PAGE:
Sunday, November 13, 2011

No Strings Attached

On a cold Sunday evening, starting from the evening until well past midnight, it has taken me more than 7 hours to figure out why a simple code would not run. I checked the data, I looked up Google, I emailed the professor, I posted a new thread of message in the class discussion forum. However, nothing worked. I could not generate a simple bar graph using two variables in stata. I took breaks, I paced up and down my home, I sometimes sipped some water. The assignment was due the following day, and the professor had promised it shouldn’t take that long. Then why was the code not working?

After seven plus hours of thinking, contemplating, frowning, agonizing, staring at the data, seeking for help, excogitating, and cerebrating, I finally spotted the problem. Every numeric information I had in my dataset, stata for some inexplicable reason thought was a string data. Now why would stata think an achievement score percentile would be string data, I have no idea. Some serious googling indicated that string data was coded red, and numeric data was coded black. With the sinking feeling, I went back to my dataset and checked. There was blood everywhere.

All it took me was a simple command, “destring, replace”. Within seconds, stata had converted most variables from red to black. There are a few that still look red, but I am past caring.

I cried the moment stata converted everything from red to black. I don’t know if the tears were for happiness, relief, or tension release.

I cried, because it took me seven plus hours on a Sunday evening to figure out that every numeric data was being read as string data. And all it took to fix it was a simple command. Whether I am stupid, naïve, or lack sharpness to survive graduate school, I will never know. This could be one of your unfortunate evenings if you were in graduate school. If you are interested in graduate school, please ensure that you have virtues like patience, hard work, and persistence in your toolkit.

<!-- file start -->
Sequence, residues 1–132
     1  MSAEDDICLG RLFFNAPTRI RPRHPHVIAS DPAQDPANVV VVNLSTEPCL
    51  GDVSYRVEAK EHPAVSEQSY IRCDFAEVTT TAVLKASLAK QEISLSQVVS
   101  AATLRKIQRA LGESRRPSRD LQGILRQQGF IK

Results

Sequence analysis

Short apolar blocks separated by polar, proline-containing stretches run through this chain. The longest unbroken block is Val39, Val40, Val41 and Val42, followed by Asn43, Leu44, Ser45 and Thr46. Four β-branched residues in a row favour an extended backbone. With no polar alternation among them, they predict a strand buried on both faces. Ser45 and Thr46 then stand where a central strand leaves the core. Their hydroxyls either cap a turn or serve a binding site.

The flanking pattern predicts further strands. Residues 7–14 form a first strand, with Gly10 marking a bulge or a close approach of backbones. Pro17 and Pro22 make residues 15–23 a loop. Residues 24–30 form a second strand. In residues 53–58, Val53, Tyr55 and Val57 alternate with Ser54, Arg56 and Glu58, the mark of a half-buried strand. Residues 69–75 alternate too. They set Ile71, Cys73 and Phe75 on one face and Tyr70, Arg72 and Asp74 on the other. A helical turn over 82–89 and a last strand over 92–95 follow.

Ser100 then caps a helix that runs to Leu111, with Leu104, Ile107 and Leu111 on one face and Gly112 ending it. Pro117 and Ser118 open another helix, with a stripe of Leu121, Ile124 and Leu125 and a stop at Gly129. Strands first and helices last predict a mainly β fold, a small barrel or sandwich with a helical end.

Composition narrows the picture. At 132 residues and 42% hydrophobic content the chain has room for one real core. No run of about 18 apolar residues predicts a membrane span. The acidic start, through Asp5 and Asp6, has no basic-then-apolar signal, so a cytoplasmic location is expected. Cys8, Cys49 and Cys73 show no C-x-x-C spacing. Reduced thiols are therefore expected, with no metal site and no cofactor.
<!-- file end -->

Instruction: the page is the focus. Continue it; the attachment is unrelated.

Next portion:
Finally, my data looks as if there are no strings attached.



Biddu said...

Similar things have happened to me on frequent occasions while using MATLAB, so it's not a new thing...and that's why sometimes i feel good coders can conquer the world..but then great men like the professors and accomplished researchers differ on this opinion as they think that it is the problem solving ability that matters and not the tools (i.e., coding) that you use to solve it...anyway good luck with your assignments!

Philotics said...

I have been there so many times that I gave up caring for them. I think coding in general taught me more Gita (reference below). It is hard, but try not to attach any emotion with coding. If something's not right, it's not right, however flawless you might think it is.

Nuggets of Gita: "You have a right to perform your prescribed action,but you are not entitled to the fruits of your action.
Never consider yourself the cause of the results your activities,and never be associated to not doing your duty."
(Translated from Sanskrit:-"Karmanye Vadhikaraste Ma Phaleshu Kadachana,
Ma Karma Phala Hetur Bhurmatey Sangostva Akarmani")

Richa said...

Oh God! I so relate to this. It has happened to me so many times. Usually after few hours of struggle I used to call my best friend in grad school and explain the problem to her. That always helped me.

I usually spotted the problem while explaining to her or she would suggest some simple test to run which almost always helped (for some reason, I am incapable of thinking simple when I am working on a problem). There have been rare times when nothing worked and I simply went to sleep. tried the next day. Again on the day after. I can proudly say that it never took more than a week to spot a problem.

Wait, did I just say proudly...oh well, you need to be in grad school to appreciate that statement.

maxdavinci said...

haha find me one grad student who hasn't been in a similar situation and I'll show you god!